Anyway… I probably won’t vote for Rand Paul. My sense of him is that he’s not really a Reason Magazine libertarian, and also maybe he’s not that bright? And I think you’re right that he’s unlikely to make it through the primaries. But if he did, and if he showed himself to be willing to stand and argue for a less aggressive foreign policy, CJ reform, drug reform, and a drawing down of the surveillance state… if he did all that, I’d give him a listen. I’d hear the man out, some of his bonkers ideas notwithstanding.
My best hope, though, is that the Dems don’t just hand it to Clinton. Jim think it’s going to be Clinton vs. Bush, which… I just feel like that would be a sign of a nation giving up. We might as well all put on sweatpants and go to KFC for the Famous Bowls.
I’m afraid I’ve kind of gotten to the point where American politics really can be summed up as a failure pile in a sadness bowl. I suspect Jim’s probably right about it being Clinton vs. Bush, just because those two are the lowest-common-denominator candidates for their respective parties in a deeply-entrenched two-party system. I’m not quite sure it’s “a sign of a nation giving up” so much as it’s a consequence of a nation cul-de-sac-ing itself with its own system of governance; it’s struck me that the reason Clinton and Gore are obvious nominees is very akin to the reason Hollywood replicates sequels and franchises–nobody wants to risk a lot of money on unknown quantities, and the only indicator most of the people writing checks and cutting deals know how to look at is past performance.
Paul isn’t going to be the Republican candidate in part because the GOP–the “Hollywood studio,” metaphorically speaking–that’s trying to come up with a November blockbuster is skeptical of weird arthouse films. Jim Webb isn’t likely to be the Democratic candidate because he’s kinda sorta a Jim Jarmusch project: black-and-white, vaguely old-fashioned and cutting-edge at the same time, largely improvised, only has a kind of cult appeal among a subset of the people who actually know his work. Clinton and Bush are the Mission Impossibles and Marvel Cinematic Universe titles of the season; love them or hate them, they’re established, long-running, successful brands, and that’s what gets big-budget backing and wide distribution and promotion.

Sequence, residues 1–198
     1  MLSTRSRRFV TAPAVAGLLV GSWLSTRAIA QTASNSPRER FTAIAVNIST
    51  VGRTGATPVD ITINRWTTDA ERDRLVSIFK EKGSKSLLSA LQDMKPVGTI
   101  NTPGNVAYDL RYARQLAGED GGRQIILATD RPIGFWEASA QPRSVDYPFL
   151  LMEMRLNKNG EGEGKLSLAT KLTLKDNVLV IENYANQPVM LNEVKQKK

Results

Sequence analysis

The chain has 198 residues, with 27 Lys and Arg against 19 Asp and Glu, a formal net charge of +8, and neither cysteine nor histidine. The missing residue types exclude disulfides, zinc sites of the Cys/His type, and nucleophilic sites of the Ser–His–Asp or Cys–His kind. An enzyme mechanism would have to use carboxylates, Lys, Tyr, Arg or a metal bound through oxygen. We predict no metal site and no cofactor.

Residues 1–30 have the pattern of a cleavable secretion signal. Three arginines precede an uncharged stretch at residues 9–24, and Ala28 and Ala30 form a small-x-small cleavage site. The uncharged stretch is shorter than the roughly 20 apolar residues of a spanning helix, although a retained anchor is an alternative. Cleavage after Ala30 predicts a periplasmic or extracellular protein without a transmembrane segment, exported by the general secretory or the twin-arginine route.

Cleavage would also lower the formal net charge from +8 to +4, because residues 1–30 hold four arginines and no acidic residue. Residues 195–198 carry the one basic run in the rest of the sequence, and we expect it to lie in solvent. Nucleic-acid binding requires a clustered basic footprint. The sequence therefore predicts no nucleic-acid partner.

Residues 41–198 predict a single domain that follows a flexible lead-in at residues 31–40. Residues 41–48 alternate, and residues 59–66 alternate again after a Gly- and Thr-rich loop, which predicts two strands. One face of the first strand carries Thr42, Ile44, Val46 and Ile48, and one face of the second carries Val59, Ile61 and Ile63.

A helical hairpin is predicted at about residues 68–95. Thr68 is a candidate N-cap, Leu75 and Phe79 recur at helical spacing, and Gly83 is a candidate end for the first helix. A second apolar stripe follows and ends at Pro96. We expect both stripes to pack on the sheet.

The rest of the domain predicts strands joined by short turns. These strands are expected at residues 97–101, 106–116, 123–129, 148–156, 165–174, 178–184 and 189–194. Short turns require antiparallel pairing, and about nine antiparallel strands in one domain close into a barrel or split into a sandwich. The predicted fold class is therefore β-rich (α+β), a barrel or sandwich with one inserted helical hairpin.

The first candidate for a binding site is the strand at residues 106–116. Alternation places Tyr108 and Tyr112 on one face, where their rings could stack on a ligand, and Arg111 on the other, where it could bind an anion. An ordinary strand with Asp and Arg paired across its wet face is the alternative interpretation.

And Ted Cruz isn’t going to pull an Obama ’08 and “steal” the primaries (or at least it’s not likely): for all his apparent “sleeper film” qualities, Obama was an insider insurgent, a candidate who ran because some of the top people at the studio… er, party… recruited and backed him as the anti-Hillary. That’s not to detract from Obama’s qualities as a candidate or even as a President; indeed, from one perspective, the fact that a young and relatively inexperienced junior politician became the go-to guy for some of the Wise Old Men of his party may speak even more highly of him. As far as anyone can tell, Cruz doesn’t have that deep-inner-party backing.
But this all gets to the point that your only form of rebellion against having your candidates picked for you is to vote for someone who, yes, may influence the political environment but who, no, won’t be elected. (And we should add that while this has become a more obviously toxic process because of the expanded power of corporate interests, this is how it’s always been: the Founders wrote a Constitution that established an oligarchy where cronies nominated each other for the Presidency, Senate and Judiciary, and even the steps towards popular elections in the 19th Century simply meant the rampant nepotism was up for public review. This is hard-baked into our Republican system of governance.) And I’m not going to say that trying to exert that kind of vicarious pressure is without merit or reason, but I am going to say (again) that the cost may be four or eight or more years of somebody breaking things, and that the last fifteen years have demonstrated how it’s a lot easier to break things than it is to fix them.